Shelley says she was aware of “Galvanism”, which I’ve blogged about elsewhere. In short, the use of electricity to make human beings appear to return to life. The humans in question were normally executed criminals whose bodies were provided to anatomists. They then passed electric currents through the corpse thrilling audiences as dead person’s eyes opened and their limbs twitched.
I say ‘audiences’ because medical operations in the 1830s were performed in front of a crowd who might be medical students and doctors but could equally have paid for admittance – and a thrill.
FIND OUT MORE: Galvanism – Frankenstein science in the early 19th century
Frankenstein parts company with the Mary Shelley novel
By the middle of the 19th century, the Frankenstein story was already parting company with Mary Shelley’s version. Stage plays introduced new characters and steadily dropped the melancholic, philosophical ramblings of the monster in favour of terrifying campy fun. So, The Observer newspaper on 30 December, 1849 reports on a new Frankenstein theatre production that I’m guessing was Christmas entertainment for London theatregoers at the Adelphi Theatre.
Two years later in 1851, Mary Shelley died with her obituaries acknowledging that Frankenstein would be her everlasting memorial – as has proven to be the case. But the adaptations of her novel got progressively sillier becoming fodder for pantomime. In 1887, the Gaiety Theatre in London put on a Christmas ‘burlesque’ of Frankenstein with a female actor playing the doctor and a very camped up monster. The audience hated it.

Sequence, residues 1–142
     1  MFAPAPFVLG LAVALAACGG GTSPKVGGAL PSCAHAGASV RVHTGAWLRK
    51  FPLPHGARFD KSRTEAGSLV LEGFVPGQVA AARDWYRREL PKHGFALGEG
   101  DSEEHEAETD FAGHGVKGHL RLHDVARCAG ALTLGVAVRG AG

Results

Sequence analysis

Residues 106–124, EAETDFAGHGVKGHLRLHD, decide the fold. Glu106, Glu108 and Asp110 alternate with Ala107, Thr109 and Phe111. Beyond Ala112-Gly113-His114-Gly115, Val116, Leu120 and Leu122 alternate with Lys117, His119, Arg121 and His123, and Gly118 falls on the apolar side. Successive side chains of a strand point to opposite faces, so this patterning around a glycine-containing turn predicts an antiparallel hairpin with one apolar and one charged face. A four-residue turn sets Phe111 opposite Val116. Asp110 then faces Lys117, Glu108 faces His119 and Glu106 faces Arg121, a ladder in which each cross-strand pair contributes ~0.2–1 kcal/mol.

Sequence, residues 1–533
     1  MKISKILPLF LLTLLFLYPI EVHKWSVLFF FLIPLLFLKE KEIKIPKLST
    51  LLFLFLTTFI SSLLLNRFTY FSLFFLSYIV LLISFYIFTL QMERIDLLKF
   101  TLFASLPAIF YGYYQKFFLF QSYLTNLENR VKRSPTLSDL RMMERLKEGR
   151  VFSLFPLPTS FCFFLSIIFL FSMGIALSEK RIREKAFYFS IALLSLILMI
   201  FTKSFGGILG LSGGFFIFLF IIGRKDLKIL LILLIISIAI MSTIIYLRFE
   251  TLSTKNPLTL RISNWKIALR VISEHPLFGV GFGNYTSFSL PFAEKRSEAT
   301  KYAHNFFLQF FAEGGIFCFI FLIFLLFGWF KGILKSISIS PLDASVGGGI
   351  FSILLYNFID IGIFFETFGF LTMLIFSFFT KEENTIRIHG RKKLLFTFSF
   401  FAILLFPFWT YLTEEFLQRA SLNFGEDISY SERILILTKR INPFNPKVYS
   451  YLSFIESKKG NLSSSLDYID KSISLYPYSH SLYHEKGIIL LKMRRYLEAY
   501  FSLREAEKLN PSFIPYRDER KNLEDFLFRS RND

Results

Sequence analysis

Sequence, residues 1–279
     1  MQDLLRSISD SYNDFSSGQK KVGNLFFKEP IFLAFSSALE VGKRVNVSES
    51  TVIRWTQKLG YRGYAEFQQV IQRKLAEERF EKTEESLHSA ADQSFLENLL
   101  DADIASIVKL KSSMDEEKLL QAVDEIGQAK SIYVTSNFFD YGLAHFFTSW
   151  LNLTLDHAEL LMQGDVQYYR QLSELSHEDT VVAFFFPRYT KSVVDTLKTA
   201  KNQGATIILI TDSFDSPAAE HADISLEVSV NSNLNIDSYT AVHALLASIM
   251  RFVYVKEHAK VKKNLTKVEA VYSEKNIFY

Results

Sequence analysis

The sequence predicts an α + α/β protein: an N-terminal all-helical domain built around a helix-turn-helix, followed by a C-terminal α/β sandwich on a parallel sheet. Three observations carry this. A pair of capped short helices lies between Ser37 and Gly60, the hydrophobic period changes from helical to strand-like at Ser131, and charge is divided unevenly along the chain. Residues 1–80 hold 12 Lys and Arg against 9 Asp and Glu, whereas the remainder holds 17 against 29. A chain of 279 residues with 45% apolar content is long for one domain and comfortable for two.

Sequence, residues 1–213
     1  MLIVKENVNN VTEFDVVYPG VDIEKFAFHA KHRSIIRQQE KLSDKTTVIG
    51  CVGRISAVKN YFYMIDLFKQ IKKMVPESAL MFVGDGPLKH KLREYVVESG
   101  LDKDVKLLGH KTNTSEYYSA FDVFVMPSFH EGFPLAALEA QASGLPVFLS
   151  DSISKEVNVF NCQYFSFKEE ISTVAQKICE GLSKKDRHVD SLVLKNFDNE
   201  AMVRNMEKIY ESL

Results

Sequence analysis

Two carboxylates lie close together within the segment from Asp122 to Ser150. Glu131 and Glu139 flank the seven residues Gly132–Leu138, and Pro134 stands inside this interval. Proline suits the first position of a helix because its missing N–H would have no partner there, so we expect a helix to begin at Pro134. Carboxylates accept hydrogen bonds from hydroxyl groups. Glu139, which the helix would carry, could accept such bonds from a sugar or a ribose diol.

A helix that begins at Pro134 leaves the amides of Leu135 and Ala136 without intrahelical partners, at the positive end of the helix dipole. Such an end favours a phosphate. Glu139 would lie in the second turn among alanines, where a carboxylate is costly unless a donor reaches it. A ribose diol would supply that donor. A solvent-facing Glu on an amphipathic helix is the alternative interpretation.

The actors were well-known faces. The costumes and staging were brilliant – according to contemporary accounts. But the rowdy London theatre crowd were booing loudly before the curtain had even risen. Why? It’s hard to know now. At the same time, other theatres were putting on pantomime versions of much loved stories including Robinson Crusoe. But – it seems the Gaiety theatregoers wanted to be terrified and not amused by Frankenstein.
Movies take different directions on Frankenstein
The 1910 silent movie Frankenstein was pretty much an extension of the theatre burlesque productions captured for the cinema by the Edison film studio. In 1931, the English actor Boris Karloff gave us the square-headed, bolts-in-the-neck, grunting and groaning monster we now associate with the character. At the same time, the Hungarian actor Bela Lugosi was shaping Dracula for the movies with the cape and eastern European drawl. Hollywood was moulding these horror genre characters to its own liking.
That said – subsequent movie versions of Frankenstein either continued the camp horror tradition or endeavoured to swing back towards the Mary Shelley vision. The latter approach includes my personal favourite which is the 1973 movie, Frankenstein: The True Story. The screenplay was written by the veteran LGBT poet Christopher Isherwood and his partner Don Bachardy.
It introduces the idea of Frankenstein’s monster being created handsome but then a defect in the scientific process renders his appearance increasingly hideous. This arouses all our fears about ageing and losing our looks. I think it’s a very smart variation on Mary Shelley’s original tale.